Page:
Simplicity, Pulse, Making Music, & Blake AllisonNate Brown
OLD: What got you into drumming in the first place? Why did you start?
Blake Allison: When I was growing up I started playing guitar, not serious or anything, just wanted to play the guitar as a grade schooler. On my first day of high school, I signed up for band. I walked in and they asked what I wanted to play. When I said I wanted to play guitar, they asked what kind of music I like. I told them Metallica, and they said, “Ok, you’re going to play drums.”
That’s actually how I got started. They stuck me on cymbals to start. By the time I was a senior, four years later, I had played drum set in a couple of bands.
I got really got into drumming along the way, and when I graduated high school, I got a scholarship to go the University of Memphis. I was a part of the drum-line there, and once again, I was on cymbals as a freshman.
By my second year of college I had gotten my first record deal, and so it was kind of hard to do both, go to college and be in the band. So I chose the band over college, and that’s pretty much how I got started.
OLD: Are you disappointed with the decision to pursue the band over music education?
Blake Allison: I think that there would be a lot more opportunities presented to me, considering, if I had the degree, and then again music education is one of the hardest music degrees to get.
OLD: What was your first drum-kit?
Blake Allison: My dad, when I was 14, was nice enough to buy the Mapex Venus series, and I still have that actually. It still sounds great! I played those all the way through high school.
OLD: Before a show, what do you like to do to get yourself ready?
Black Allison: I don’t really do too much. I definitely don’t have any drinking rituals or anything like Popeye with his spinach.
I like to listen to music. Not necessarily our music, but anything I like. I just like to listen to a drummer hold rhythm, just kind of get in the groove mentally.
Sometimes I play the guitar and sing, too, because I do a little backup.
OLD: How many sticks do you go through?
Black Allison: I usually go through four sticks a show.
OLD: What do you like to play?
Black Allison: I play Vic Firth, Extreme 5Bs. Those are my favorites.
They are longer, so I don’t have to reach far. I like my kits to be set up pretty spacious. A lot of drummers like to put everything really close. I like to snap, so I can really, really hit the drums as hard as I want to. I can really slam each drum.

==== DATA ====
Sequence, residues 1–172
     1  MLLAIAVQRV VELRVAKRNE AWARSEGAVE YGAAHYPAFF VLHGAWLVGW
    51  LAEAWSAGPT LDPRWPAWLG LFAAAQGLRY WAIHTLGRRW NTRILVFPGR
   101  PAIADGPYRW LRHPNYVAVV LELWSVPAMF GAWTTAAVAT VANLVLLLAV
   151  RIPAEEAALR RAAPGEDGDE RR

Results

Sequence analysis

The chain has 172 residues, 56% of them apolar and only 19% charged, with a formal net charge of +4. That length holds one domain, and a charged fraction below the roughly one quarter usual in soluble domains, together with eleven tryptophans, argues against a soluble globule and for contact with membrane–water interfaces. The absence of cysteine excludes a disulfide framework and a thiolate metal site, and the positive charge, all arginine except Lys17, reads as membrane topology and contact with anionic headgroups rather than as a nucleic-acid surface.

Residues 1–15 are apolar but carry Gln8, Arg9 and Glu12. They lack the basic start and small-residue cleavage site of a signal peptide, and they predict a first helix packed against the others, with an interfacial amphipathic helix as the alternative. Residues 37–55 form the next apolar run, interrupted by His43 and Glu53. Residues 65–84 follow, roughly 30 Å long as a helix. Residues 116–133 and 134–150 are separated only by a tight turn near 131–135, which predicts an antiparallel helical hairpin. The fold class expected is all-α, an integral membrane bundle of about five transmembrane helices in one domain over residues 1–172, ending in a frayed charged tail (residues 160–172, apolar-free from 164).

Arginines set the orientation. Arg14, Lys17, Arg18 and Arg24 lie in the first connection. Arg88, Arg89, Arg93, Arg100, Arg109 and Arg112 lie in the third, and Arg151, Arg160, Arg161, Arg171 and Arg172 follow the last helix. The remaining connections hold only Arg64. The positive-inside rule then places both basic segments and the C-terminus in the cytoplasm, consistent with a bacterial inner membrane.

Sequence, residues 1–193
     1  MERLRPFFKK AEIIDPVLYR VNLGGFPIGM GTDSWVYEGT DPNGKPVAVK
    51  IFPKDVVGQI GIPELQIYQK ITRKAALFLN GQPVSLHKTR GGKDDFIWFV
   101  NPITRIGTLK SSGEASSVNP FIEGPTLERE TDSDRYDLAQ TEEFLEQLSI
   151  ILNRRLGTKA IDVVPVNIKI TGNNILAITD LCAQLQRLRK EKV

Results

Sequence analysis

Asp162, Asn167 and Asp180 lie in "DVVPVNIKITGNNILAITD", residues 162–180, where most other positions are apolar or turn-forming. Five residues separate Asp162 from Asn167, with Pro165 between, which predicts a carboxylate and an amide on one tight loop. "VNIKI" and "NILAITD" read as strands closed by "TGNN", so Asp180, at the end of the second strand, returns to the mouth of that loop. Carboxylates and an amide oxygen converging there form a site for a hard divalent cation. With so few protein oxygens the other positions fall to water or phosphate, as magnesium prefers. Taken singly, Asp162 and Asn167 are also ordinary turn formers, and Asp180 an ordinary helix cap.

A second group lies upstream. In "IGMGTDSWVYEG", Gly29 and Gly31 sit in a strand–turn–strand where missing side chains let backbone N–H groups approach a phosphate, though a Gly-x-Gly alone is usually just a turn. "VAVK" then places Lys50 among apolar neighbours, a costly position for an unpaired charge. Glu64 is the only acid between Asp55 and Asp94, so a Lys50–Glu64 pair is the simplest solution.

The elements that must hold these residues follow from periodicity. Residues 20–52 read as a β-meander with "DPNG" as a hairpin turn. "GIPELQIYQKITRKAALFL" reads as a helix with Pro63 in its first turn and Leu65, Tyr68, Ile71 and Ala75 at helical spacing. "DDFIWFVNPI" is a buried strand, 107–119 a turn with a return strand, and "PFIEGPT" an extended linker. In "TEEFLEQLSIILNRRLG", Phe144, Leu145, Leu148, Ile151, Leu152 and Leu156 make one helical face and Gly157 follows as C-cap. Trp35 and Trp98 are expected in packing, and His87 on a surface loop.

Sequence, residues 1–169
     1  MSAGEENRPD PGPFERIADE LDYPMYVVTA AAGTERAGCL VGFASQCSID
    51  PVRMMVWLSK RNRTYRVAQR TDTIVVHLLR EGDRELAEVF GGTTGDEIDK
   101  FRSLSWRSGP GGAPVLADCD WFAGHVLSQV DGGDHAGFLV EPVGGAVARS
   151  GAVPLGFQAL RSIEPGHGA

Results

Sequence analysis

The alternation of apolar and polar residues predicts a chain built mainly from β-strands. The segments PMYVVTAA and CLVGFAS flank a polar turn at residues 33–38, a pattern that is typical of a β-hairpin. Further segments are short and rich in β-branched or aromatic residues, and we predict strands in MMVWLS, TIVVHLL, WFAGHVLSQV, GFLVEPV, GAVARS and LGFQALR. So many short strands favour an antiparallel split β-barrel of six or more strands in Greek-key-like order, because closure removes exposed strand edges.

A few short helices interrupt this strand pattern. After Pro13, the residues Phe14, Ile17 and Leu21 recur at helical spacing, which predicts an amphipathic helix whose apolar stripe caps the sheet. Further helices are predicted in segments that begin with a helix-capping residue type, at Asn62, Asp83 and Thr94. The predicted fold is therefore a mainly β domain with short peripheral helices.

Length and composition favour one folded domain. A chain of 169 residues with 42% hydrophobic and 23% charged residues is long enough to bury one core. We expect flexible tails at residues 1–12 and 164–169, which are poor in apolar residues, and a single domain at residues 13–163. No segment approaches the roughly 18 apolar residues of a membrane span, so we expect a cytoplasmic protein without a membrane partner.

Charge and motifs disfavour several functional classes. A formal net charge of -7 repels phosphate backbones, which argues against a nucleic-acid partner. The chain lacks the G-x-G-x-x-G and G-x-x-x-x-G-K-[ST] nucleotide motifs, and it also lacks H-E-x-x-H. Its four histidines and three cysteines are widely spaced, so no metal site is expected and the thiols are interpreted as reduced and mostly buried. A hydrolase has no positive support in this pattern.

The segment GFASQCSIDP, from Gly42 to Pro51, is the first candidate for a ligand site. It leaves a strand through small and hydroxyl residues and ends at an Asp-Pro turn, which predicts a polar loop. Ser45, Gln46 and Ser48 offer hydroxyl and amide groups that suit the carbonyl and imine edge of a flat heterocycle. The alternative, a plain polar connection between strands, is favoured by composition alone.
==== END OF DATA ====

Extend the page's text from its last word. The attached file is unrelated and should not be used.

OLD: Your most recent album’s namesake is the song White Rabbit. Do you have any stories you want to share about the making of that song?
Blake Allison: The drum part in the intro was something that I had wanted to do, something like the intro for Last Resort by Papa Roach. I wanted to do something like a war-drum rhythm.
As of right now that’s one of the best drum songs we do. For a live show, White Rabbit, Ghost Town, and another song called The Drug, are great to play. They’re all drums.
OLD: With this new release, does it liven up the tour for you, as far as bringing something fresh to the plate?
Blake Allison: Yeah, seven years I have been playing the songs. I don’t even need to think while I am out there, playing those old ones, I’ve played them for so long.
OLD: Does it ever get tiring for you to play the songs over and over?
Blake Allison: I would say it depends on the show. If it’s a show with a great crowd and we’re doing well, I could play anything and still be having a great time.
But I will say, I keep re-writing parts. Sometimes I realize that I’m doing too much and need to go back to the original. I’d end up playing a completely different song if I didn’t stay focused. I just need to relax and remember that simplicity is the key.
OLD: How much flexibility do you give yourself as far as changing the parts that you play and not going strictly with what’s on the recording?
Blake Allison: I would say that snare placement is one of the most important things that has to be uniform to the record. Sometimes I’ll do a couple of fills differently.
Sometimes I feel like in the rush of recording a record, I don’t put enough forethought into some of the fills and later find that something else works better.
On that topic, I feel like drummers and singers can get away with a lot more in the studio nowadays. You don’t have to be as trained or as perfect in the studio. So, making sure that your parts are strong when you perform, I think that’s one of the things that people lack from records today.
OLD: When you’re on stage, do you put an emphasis in putting on a visual show as well as audible?
Blake Allison: Oh yeah, I would say it’s progressively gotten “worse” because moving around and stick flips, it’s sacrificed the solidness of what I play.
But, I think that when you are at a show, if you see a band that looks like they are really enjoying what they are doing, it leaves a big impression and lightens up the show. It’s about keeping a balance, though. I am trying to contain myself.
When I started I was all about technique and perfection, and I’ve grown as a performer, realizing that perfection is a great thing, and being right on your click track, not rushing your beat are great, but after watching some of my favorite drummers, I realized that the “pushing” of a song can be beneficial to the way that the audience feels it.
OLD: If you could only pass one piece of drumming advice on to the next generation of drummers, what do you think that piece of advice would be?
Blake Allison: I would say simplicity is the key and the pulse of the song is the most important thing.
Blake Allison is endorsed by ddrum Reflex and plays Sabian cymbals.
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